Do You Own or Shrink in the Room?
I regularly go to a weight-lifting workout class at the gym. It’s a great class that works all your muscle groups in a 60-minute session. Last weekend, I went to a different timeslot, and an instructor I had never had before, was leading the class. What struck me in this session was how confident, in charge, totally present, and absolutely engaged he was as he demonstrated each move. He self-assuredly shouted out super motivating comments and you could just feel how much he loved what he was doing.
He owned the room.
This was so striking because it was in sharp contrast to some of the instructors I’ve had over the seven years I’ve been taking this class. Some continuously apologize and point out every mistake they make in the tempo. Others say nothing and just workout for you to watch, as if they are working out themselves. Still others look hurried and as if they are in another world, with little or no interaction with the participants. And even others try to engage, but are timid or act embarrassed in their attempts.
They shrink in the room.
It made me think of my clients in coaching sessions and leadership programs and the area that comes up a lot— leadership presence.
So my leadership development questions for you this week are simple.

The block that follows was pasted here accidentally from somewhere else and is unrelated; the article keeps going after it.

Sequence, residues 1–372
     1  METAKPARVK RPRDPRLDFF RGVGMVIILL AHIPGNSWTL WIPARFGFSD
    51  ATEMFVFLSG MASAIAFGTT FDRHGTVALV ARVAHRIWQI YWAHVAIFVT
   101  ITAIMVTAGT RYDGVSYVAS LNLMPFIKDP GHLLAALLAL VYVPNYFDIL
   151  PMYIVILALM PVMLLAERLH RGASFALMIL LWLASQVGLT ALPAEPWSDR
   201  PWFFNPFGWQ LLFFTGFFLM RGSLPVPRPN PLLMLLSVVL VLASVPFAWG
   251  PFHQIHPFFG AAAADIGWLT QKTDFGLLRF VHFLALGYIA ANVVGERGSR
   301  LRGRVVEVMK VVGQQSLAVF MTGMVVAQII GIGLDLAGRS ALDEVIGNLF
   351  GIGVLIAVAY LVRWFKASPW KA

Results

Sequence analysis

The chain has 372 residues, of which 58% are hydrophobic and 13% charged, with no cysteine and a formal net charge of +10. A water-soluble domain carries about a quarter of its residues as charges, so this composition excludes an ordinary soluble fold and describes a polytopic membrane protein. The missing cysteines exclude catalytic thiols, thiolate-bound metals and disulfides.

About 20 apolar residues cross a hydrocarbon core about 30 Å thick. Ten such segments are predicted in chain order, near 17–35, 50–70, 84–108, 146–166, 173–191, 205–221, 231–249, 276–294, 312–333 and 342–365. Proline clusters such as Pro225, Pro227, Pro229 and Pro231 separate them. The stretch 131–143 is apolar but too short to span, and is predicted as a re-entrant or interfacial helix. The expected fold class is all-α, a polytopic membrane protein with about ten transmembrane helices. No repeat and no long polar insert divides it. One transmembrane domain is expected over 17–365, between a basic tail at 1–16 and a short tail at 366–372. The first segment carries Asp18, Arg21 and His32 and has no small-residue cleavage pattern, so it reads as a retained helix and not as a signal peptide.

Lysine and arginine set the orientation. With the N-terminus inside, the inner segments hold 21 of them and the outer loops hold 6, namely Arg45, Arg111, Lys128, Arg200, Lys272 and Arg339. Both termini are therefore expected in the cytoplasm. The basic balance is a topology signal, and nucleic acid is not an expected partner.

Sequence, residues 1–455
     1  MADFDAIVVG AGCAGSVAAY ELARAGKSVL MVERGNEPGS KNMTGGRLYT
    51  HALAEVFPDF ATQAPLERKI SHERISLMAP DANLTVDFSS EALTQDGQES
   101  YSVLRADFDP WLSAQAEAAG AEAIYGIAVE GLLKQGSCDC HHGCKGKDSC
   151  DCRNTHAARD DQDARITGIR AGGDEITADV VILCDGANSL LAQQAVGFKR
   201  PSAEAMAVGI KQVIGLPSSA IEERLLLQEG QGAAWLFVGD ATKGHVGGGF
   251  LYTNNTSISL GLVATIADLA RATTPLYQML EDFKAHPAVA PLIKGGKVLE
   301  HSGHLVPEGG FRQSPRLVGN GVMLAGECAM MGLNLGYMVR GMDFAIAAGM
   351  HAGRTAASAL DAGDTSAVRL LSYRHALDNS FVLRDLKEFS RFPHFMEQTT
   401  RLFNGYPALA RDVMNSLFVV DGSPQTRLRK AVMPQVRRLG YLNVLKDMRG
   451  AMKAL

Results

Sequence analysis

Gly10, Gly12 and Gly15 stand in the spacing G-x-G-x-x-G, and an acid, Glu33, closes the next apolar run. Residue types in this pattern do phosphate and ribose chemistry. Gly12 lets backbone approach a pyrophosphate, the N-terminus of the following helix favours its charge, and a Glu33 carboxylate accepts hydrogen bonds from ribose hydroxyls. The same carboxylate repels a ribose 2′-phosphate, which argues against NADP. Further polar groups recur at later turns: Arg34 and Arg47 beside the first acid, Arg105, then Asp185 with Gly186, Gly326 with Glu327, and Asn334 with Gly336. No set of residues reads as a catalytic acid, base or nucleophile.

Do you own the room?
- Are you fully engaged and totally present when you are engaging with or leading others?
- Are you confident and self-assured, without taking yourself too seriously?
- Do you silence your self-critical, self-conscious thoughts and focus entirely on what you are doing and having fun with it?
Or do you shrink in the room?
- Do you constantly doubt your contribution and your value?
- Do you over-apologize and constantly point out your short-comings?
- Do you look harried, rushed, and distracted?
- Are you so focused on yourself and the impression you are making that you leave little room to focus on anything else?
- Are you taking yourself too seriously?
What changes do you need to make to show up and own the room?
(PS: Interesting side note: All the previous instructors I mentioned were women. A coincidence? Maybe so. But I can’t help but wonder about gender and confidence…)